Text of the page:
ON THE ROAD: We're hearing from the establishment media
that there's big trouble at some recreational vehicle parks, with
growing opposition to the 50-cent-a-day tax now being extracted
from RV visitors. We're told it's driving the tourist biz to other,
more charming, places--like Benson and Quartzsite.
The tax is earmarked to pay back the bonds used to build Pima County's new baseball park. It's a subsidy for rich white guys who own baseball teams, which stinks. So we can understand, on some level at least, why many RV folks are hacked off--many of them could care less about baseball and aren't here for the bleacher seats.
But maybe that's not the whole story: Old Tucson's attendance is down. Gee, could that be because all the authentic movie sets burned down and now the owners want to charge people more to look at a lot of ersatz movie props? And could it be that RV types and other snowbirds are pissed because our local leaders have seen fit to jack up the price of a round of golf, while states like Alabama are aggressively promoting all their wonderful golf courses? Could it be that other places also have more extravagant Indian casinos than Arizona, where for years a recently sentenced Governor harassed Native Americans who were only trying to build better lives through gambling establishments?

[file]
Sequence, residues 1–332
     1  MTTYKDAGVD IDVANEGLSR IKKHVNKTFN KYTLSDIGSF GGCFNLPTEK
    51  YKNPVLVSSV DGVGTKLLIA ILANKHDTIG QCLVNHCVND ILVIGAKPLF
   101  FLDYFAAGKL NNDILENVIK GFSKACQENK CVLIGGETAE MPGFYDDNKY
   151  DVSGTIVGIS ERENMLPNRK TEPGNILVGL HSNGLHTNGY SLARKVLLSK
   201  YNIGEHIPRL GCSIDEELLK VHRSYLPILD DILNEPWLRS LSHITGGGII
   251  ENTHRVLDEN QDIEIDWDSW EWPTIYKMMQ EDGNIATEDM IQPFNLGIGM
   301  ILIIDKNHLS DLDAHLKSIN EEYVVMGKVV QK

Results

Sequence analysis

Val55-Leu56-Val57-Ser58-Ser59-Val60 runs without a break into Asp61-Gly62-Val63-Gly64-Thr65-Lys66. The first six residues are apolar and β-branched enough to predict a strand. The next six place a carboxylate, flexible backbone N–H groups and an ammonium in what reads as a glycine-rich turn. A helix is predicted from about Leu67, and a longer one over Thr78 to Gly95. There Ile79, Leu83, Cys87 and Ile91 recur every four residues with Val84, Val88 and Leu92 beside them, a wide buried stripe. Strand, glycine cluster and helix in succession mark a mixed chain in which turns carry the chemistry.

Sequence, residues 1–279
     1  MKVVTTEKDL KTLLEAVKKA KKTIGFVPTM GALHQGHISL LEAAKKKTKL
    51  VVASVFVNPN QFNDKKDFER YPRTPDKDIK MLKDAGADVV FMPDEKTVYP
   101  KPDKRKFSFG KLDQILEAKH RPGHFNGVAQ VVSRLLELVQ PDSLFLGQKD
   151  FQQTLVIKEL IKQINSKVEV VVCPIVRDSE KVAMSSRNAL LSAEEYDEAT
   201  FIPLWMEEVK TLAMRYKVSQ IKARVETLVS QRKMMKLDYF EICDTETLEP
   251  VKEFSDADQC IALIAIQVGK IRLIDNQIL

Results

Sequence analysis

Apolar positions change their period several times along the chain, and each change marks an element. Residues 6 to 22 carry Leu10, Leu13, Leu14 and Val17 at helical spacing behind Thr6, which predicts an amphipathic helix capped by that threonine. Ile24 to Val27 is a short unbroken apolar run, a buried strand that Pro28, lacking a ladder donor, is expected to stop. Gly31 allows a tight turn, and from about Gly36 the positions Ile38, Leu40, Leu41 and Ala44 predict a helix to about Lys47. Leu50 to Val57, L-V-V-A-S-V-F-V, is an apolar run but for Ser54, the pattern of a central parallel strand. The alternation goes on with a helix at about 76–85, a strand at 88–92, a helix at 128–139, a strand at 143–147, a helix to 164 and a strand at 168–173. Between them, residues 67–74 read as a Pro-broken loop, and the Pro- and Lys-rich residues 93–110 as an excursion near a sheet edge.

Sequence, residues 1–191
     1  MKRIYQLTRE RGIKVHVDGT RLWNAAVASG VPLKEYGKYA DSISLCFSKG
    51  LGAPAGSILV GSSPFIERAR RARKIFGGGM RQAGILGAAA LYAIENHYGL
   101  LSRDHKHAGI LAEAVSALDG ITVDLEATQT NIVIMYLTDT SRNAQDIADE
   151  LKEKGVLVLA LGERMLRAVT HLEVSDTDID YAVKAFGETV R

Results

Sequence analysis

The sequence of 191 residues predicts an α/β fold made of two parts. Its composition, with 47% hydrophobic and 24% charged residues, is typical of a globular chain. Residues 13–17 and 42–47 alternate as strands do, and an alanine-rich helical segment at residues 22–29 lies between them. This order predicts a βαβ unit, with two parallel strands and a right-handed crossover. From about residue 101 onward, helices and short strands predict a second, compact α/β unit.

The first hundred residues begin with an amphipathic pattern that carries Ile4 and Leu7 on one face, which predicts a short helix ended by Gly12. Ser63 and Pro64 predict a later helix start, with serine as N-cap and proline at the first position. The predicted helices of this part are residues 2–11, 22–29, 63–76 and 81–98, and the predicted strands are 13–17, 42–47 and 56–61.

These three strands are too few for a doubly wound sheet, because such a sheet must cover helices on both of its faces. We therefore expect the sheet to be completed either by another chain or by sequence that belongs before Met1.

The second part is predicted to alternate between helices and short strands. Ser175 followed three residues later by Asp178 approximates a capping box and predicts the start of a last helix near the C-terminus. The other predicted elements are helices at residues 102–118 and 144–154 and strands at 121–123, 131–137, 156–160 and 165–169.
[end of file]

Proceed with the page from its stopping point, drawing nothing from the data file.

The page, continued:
NAKED TRUTH: The Arizona Daily Star's Joe Salkowski recently decided it would be fun to poke around in the county computers to see what web sites the pols and bureaucrats visit on taxpayer-owned machines. Amazingly, David Dingeldine, the Pima County Attorney's chief civil deputy, went along with Salkowski's fishing expedition.
Accompanied by a not-too-willing county computer tech, Salkowski sat down and punched in at the desk of each county supervisor and staff member to see what naughty little things they've been viewing. Interestingly, however, we're told Dingeldine declined to allow the same access to his computer until it was cleared by his boss, County Attorney Barbara LaWall, several days later.
Now the Star has seldom showed much interest in getting recalcitrant local governments--like the Amphi School District--to comply with public records law. But these same clowns think finding a porn site visit on some pol's aide's computer is a real exposé!